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Title: Impacts of control strategies, the Great Recession and weekday variations on NO 2 columns above North American cities

Abstract

The Ozone Monitoring Instrument (OMI) has been estimating NO2 columns from space for over 10 years, and these have been used to estimate emissions and emission trends for point and area sources all over the world. In this study we evaluate the trends in NO2 columns over 54 cities in the USA and Canada to identify the long term trends due to air quality policies, the impact of the Great Recession, and the weekday-weekend effect. A multiple linear regression model is used to fit annual, seasonal and weekly factors for individual swath retrievals along with the impact of temperature, wind speed and pixel size. For most cities, the correlation coefficients of the model fit ranges from 0.47 to 0.76. There have been strong reductions in NO2 columns, with annual decreases of up to 7% per year in most cities. During the years of the Great Recession, NO2 columns were as much as 30% lower than they would have been had they followed the linear annual trend. The analysis yielded insights into the timing of the reductions, with some cities in the northwest and in the east experiencing reductions in 2008 already, and most areas back to where they would havemore » been based on the uniform trend by 2011. The analysis also finds that reductions in columns during the weekend vary significantly from city to city, with a range in reductions of 10%-30% on Saturdays, and 20%-50% on Sundays.« less

Authors:
ORCiD logo; ;
Publication Date:
Research Org.:
Argonne National Lab. (ANL), Argonne, IL (United States)
Sponsoring Org.:
National Aeronautic and Space Administration (NASA)
OSTI Identifier:
1376904
DOE Contract Number:
AC02-06CH11357
Resource Type:
Journal Article
Resource Relation:
Journal Name: Atmospheric Environment (1994); Journal Volume: 138
Country of Publication:
United States
Language:
English

Citation Formats

de Foy, Benjamin, Lu, Zifeng, and Streets, David G. Impacts of control strategies, the Great Recession and weekday variations on NO 2 columns above North American cities. United States: N. p., 2016. Web. doi:10.1016/j.atmosenv.2016.04.038.
de Foy, Benjamin, Lu, Zifeng, & Streets, David G. Impacts of control strategies, the Great Recession and weekday variations on NO 2 columns above North American cities. United States. doi:10.1016/j.atmosenv.2016.04.038.
de Foy, Benjamin, Lu, Zifeng, and Streets, David G. 2016. "Impacts of control strategies, the Great Recession and weekday variations on NO 2 columns above North American cities". United States. doi:10.1016/j.atmosenv.2016.04.038.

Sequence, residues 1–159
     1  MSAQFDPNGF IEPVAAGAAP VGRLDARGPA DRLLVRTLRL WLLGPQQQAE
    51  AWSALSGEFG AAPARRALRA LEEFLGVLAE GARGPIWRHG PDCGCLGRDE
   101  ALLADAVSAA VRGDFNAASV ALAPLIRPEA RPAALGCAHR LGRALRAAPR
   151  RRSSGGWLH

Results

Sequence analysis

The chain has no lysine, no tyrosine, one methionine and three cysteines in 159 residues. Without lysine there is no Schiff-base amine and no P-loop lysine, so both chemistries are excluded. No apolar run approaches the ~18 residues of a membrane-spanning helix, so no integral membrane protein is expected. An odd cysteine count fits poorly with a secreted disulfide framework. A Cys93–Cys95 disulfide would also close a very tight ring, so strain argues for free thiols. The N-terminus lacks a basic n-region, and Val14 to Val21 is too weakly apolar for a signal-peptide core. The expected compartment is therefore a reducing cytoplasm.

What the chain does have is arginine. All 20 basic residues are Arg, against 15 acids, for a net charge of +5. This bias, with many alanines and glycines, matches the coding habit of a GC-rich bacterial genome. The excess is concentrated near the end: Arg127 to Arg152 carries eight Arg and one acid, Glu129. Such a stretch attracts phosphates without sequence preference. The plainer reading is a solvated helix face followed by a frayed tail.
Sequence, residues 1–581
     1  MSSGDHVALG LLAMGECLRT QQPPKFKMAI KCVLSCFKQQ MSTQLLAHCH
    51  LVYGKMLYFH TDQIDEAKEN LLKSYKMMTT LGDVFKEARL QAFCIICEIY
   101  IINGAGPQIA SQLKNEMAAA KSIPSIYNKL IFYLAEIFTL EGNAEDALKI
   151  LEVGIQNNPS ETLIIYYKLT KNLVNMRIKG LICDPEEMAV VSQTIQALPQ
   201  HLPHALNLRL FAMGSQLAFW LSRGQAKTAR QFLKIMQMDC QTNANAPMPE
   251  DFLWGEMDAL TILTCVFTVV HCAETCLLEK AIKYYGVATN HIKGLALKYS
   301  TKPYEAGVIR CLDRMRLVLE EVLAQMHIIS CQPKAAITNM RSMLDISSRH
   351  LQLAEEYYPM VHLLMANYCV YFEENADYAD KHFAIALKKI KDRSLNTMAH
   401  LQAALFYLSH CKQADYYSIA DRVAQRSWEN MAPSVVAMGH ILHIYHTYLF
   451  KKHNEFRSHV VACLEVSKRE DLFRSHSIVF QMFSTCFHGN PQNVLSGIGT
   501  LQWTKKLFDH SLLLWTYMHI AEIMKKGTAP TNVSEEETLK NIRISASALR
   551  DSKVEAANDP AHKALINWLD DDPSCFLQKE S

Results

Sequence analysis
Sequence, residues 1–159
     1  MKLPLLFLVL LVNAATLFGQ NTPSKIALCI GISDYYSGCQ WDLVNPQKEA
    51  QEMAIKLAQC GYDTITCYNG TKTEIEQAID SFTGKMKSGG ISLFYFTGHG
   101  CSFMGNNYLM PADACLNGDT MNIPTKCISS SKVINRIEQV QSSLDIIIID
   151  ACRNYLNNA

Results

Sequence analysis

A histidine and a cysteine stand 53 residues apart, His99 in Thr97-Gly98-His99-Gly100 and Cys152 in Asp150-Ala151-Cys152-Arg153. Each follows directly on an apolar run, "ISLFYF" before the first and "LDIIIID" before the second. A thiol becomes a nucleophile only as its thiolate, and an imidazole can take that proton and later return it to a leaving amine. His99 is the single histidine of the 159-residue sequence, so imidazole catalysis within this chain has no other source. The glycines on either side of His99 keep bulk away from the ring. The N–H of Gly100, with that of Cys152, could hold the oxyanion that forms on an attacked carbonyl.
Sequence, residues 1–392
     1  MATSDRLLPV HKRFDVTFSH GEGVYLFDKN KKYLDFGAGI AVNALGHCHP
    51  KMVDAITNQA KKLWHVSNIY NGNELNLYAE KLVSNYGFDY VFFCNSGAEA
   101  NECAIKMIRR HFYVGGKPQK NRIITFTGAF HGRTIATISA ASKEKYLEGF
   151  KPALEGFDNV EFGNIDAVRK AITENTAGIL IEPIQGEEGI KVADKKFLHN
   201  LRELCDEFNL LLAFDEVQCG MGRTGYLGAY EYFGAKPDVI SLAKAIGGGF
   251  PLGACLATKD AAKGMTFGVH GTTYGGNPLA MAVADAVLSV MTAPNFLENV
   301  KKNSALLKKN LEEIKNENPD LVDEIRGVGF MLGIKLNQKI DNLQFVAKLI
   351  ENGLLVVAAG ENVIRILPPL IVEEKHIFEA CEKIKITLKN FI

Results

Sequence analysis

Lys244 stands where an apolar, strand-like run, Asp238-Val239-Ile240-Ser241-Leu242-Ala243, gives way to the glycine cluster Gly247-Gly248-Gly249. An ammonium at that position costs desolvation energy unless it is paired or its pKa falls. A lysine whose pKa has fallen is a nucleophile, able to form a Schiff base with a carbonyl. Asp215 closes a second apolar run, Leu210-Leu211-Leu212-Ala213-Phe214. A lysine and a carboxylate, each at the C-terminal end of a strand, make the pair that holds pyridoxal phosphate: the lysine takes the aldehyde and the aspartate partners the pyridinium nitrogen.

@article{osti_1376904,
title = {Impacts of control strategies, the Great Recession and weekday variations on NO 2 columns above North American cities},
author = {de Foy, Benjamin and Lu, Zifeng and Streets, David G.},
abstractNote = {The Ozone Monitoring Instrument (OMI) has been estimating NO2 columns from space for over 10 years, and these have been used to estimate emissions and emission trends for point and area sources all over the world. In this study we evaluate the trends in NO2 columns over 54 cities in the USA and Canada to identify the long term trends due to air quality policies, the impact of the Great Recession, and the weekday-weekend effect. A multiple linear regression model is used to fit annual, seasonal and weekly factors for individual swath retrievals along with the impact of temperature, wind speed and pixel size. For most cities, the correlation coefficients of the model fit ranges from 0.47 to 0.76. There have been strong reductions in NO2 columns, with annual decreases of up to 7% per year in most cities. During the years of the Great Recession, NO2 columns were as much as 30% lower than they would have been had they followed the linear annual trend. The analysis yielded insights into the timing of the reductions, with some cities in the northwest and in the east experiencing reductions in 2008 already, and most areas back to where they would have been based on the uniform trend by 2011. The analysis also finds that reductions in columns during the weekend vary significantly from city to city, with a range in reductions of 10%-30% on Saturdays, and 20%-50% on Sundays.},
doi = {10.1016/j.atmosenv.2016.04.038},
journal = {Atmospheric Environment (1994)},
number = ,
volume = 138,
place = {United States},
year = 2016,
month = 8
}